Neatly preserved and displayed within The White Lake Area Historical Society and Depot museum, visitors are greeted with thousands of rich stories and memorabilia that date back to the very beginnings of the community that exists today.
The story of the White Lake Area Historical Society (WLAHS) began around 25 years ago when a group of local residents started a campaign to preserve the former Soo Line Railroad Depot building.
The depot was originally built between 1907 and 1908 in the now obsolete Town of Van Ostrand by the Wisconsin and Northern Railroad. It was relocated to its current location in October 1996 and opened to the public on July 4, 1998.
In May 2014, the WLAHS for the first time, opened the doors to the new White Lake Historical Center, conveniently located next to the depot. To preserve as much of the history as possible, members carefully restored the depot building, leaving the original windows, flooring, doors and walls that are seen today.
WLAHS Treasurer Judy Peterson said donations are always being presented to the group. Between the historical center and depot buildings, there are countless artifacts and displays, including items from the early days of logging and railroads, pioneer family histories, art pieces, military items, a comprehensive collection of White Lake School yearbooks and more.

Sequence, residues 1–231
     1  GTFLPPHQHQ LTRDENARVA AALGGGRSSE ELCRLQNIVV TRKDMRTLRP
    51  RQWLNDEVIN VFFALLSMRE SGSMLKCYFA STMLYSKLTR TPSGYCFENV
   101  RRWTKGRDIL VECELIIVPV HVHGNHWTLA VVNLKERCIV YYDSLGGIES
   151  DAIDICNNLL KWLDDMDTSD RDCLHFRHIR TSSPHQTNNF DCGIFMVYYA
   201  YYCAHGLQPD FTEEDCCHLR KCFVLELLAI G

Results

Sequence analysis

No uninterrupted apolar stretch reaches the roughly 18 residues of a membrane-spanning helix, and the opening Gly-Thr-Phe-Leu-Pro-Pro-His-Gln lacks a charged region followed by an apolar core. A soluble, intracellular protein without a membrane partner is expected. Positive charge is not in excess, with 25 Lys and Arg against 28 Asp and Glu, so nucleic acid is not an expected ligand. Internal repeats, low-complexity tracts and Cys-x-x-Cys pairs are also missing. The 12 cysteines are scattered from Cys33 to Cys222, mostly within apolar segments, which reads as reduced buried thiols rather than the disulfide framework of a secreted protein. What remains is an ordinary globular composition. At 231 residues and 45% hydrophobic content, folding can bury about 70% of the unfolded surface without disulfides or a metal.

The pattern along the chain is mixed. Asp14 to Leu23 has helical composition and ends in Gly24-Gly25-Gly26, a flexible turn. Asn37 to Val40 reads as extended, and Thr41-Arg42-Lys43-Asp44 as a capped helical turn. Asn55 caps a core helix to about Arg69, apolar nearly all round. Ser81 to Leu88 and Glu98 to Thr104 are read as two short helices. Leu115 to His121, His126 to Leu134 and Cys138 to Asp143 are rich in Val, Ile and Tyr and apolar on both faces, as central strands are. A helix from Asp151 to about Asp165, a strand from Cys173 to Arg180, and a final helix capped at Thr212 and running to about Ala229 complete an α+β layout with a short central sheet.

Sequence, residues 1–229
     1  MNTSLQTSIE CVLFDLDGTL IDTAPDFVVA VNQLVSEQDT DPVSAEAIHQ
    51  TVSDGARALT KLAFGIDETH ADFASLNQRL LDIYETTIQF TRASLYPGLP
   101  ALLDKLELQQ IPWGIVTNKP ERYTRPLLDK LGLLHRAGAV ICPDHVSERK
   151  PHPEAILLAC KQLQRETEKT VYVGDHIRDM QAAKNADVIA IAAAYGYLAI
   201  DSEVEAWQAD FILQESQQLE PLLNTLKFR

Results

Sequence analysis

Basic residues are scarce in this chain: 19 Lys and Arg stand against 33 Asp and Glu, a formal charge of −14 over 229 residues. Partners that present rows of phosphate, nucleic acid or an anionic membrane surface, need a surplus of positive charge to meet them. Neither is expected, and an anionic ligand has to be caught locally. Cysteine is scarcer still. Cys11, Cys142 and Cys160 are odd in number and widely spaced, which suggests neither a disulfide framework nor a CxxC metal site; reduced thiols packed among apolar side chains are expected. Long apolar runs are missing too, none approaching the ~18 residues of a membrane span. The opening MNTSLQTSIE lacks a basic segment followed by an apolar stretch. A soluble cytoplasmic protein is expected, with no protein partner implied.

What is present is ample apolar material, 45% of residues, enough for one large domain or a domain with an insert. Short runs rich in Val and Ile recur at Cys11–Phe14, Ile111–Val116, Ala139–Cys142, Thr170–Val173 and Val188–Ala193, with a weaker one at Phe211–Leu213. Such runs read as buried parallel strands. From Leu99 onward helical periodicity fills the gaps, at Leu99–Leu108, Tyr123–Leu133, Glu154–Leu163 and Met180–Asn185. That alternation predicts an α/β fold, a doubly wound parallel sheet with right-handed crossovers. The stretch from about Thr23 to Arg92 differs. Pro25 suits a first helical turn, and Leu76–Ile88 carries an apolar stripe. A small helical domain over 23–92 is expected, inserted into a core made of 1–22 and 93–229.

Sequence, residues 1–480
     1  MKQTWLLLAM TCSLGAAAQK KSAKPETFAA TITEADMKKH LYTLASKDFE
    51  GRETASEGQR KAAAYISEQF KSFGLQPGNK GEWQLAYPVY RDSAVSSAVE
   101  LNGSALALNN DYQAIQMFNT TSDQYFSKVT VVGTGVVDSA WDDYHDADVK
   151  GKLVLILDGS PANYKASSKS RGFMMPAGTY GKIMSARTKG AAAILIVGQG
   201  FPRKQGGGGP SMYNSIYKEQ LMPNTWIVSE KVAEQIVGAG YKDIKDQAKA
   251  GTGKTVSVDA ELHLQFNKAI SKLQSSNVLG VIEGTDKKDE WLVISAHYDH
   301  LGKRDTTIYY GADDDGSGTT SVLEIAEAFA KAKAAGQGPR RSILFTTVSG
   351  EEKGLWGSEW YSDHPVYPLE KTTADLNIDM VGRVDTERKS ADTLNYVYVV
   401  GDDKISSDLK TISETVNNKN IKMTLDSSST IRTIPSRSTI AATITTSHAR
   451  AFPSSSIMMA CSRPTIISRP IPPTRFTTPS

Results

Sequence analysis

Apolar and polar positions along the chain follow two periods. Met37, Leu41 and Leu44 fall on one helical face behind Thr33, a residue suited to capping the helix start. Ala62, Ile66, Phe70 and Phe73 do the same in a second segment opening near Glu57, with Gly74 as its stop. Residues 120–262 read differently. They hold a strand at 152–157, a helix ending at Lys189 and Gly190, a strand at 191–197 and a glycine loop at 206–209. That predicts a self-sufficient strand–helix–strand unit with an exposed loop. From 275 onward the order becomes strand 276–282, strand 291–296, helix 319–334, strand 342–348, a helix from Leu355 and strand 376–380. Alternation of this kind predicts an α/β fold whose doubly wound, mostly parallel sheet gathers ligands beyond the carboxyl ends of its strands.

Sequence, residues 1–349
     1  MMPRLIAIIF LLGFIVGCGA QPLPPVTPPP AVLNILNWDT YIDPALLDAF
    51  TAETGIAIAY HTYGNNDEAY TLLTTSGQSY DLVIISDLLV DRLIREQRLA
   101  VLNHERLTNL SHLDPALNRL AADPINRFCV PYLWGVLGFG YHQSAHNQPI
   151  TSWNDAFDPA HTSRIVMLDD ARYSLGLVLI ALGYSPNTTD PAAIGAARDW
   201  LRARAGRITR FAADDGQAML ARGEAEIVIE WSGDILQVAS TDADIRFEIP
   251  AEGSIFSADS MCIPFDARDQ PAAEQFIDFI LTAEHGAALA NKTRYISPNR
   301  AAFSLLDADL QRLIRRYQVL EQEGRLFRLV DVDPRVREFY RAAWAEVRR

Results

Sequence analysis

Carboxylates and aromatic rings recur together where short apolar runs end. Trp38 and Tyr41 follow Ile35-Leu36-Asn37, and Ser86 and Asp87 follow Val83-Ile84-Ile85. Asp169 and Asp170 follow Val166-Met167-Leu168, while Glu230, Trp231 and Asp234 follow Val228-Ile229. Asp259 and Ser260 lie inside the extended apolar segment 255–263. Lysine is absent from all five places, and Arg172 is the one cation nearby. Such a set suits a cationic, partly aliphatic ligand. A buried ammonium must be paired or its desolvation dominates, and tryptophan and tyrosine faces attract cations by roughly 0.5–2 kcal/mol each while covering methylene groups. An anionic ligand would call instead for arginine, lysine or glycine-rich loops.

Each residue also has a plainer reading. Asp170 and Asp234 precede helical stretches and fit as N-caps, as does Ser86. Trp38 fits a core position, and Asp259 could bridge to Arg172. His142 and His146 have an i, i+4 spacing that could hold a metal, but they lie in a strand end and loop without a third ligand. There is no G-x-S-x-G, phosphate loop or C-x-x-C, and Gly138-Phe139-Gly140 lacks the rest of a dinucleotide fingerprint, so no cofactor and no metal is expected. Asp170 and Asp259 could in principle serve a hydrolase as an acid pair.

“We are always looking for donors and volunteers,” Peterson said. “We never know where our donations might come from.”
One of the first traditions initiated by the WLAHS is known as the “Banner Project.” The program started in 1998, encouraging pioneer families, who first settled in the area prior to 1949, to decorate a banner that showcased their family’s history.
Today, more than 100 banners have been created, with more in the works. The banners can be seen throughout the two buildings.
Currently, the members of the WLAHS are working on curating a compilation of files for each of the families that have ever taken residence in the area. Peterson said the driving force behind this project is to provide and preserve the history of each White Lake family for anyone who may be interested.
Peterson shared several instances where she observed individuals from all over the country learning pieces of their family history for the first time.
“You never know who you will meet or who you will impact,” Peterson said.
At present, there are more than 180 members of the historical society. Peterson said that in the coming years, the group hopes to welcome in many new, young, active members who show interest in learning the town’s history, and keeping it alive for future generations.
“Someone could come in knowing nothing about White Lake’s history at all, and we would be more than happy to help as people learn along the way,” Peterson said.
More information and updates can be found on the White Lake Area Historical Society Facebook page.